Westar Energy filed late Monday for state permission to increase electric rates for residential customers by about $7.50 a month while cutting rates for medium and large businesses.
Westar is seeking an overall $31.7 million in rate increases to pay for environmental upgrades, primarily at the company’s coal-fired power plants in northern Kansas.
However, the rate hike for residential customers would be about $62 million – almost twice the overall increase – to accommodate Westar’s desire to simultaneously cut electric rates for medium- to large businesses, according to an analysis by the Citizens Utility Ratepayer Board.
Westar also is seeking to raise rates for small businesses by $21 million to help offset the cuts for bigger businesses, said CURB, the state agency that represents home and small-business utility consumers.
The CURB analysis said Westar’s plan contains the $46.8 million in rate cuts for businesses. Of that:
• Medium business would see a $18.5 million reduction.
• Large business, a $17.4 million reduction.
• A single unidentified business customer on a special contract, a $9.76 million reduction.
• Schools, a $1.2 million reduction.
The proposal is a follow-up to a rate case last year in which Westar was granted $50 million in increases, $42 million of which is now being paid by residential and small-business customers.
According to Westar estimates, the proposed rate increase and rebalancing together would add about $7.50 a month – or about a 25 cents a day – to the power bills of a typical residential customer using 900 kilowatt-hours a month.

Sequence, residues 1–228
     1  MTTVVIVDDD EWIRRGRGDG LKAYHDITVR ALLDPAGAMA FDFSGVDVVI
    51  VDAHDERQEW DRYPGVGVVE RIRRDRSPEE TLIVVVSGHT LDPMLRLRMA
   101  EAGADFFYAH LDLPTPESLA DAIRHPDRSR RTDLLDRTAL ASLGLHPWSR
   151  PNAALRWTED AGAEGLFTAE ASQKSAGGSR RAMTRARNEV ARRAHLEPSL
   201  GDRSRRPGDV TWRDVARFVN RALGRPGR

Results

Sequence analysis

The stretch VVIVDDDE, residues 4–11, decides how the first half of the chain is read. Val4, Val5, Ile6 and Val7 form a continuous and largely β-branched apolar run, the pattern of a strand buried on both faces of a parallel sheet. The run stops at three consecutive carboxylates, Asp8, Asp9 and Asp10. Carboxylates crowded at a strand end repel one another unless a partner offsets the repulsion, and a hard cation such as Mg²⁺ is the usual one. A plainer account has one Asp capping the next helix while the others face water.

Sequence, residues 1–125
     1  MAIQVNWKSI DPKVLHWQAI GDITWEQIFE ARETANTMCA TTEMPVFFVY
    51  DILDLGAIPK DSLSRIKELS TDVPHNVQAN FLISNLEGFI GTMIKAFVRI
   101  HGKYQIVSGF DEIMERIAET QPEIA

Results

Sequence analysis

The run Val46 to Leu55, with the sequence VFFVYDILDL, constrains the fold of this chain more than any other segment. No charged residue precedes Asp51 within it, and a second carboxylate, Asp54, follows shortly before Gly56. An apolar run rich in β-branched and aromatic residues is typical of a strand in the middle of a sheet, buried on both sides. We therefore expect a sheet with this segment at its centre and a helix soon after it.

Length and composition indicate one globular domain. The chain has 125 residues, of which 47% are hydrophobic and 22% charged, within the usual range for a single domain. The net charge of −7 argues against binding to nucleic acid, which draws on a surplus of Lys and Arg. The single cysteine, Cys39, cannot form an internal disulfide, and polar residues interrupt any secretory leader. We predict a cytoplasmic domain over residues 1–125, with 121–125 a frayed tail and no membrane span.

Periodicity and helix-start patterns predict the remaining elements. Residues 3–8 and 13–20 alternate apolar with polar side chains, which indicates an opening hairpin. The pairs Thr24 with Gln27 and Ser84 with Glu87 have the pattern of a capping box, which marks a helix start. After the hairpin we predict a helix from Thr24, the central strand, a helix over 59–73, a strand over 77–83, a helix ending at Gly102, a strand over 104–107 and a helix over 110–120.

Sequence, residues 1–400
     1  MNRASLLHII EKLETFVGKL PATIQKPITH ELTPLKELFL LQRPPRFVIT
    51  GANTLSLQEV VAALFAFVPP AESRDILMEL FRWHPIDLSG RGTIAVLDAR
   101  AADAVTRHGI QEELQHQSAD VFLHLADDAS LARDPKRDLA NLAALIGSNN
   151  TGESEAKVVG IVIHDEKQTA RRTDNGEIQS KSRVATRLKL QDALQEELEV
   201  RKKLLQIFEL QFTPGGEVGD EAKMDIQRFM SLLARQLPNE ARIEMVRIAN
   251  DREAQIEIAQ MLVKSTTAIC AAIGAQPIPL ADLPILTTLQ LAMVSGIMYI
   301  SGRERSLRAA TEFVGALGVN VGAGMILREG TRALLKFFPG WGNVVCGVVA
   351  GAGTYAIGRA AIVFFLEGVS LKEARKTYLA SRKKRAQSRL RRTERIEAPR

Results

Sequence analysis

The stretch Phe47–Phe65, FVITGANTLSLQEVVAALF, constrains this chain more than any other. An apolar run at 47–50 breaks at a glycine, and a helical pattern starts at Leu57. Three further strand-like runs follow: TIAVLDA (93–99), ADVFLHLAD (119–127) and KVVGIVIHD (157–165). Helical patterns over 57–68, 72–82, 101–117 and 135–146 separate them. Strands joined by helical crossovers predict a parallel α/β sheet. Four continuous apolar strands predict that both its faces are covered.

The company said in a statement that it proposed the rebalancing of residential and business rates because “in recent years, rates for larger businesses have risen higher than those in some neighboring states and no longer reflect the cost of providing electricity to these firms. Westar’s proposal takes steps toward correcting this to help Kansas remain competitive.”
Springe, however, said he thinks the motivation for rebalancing rates is “so that Westar can give business a huge discount. Large business will pay half what residential customers pay for service, out of the exact same generating plants.”
Westar also is seeking additional rate flexibility to work with economic development agencies on projects to attract and expand businesses, and proposing a fund to help low-income customers pay their power bills.
No information was available late Monday on when or how the Kansas Corporation Commission would consider the request.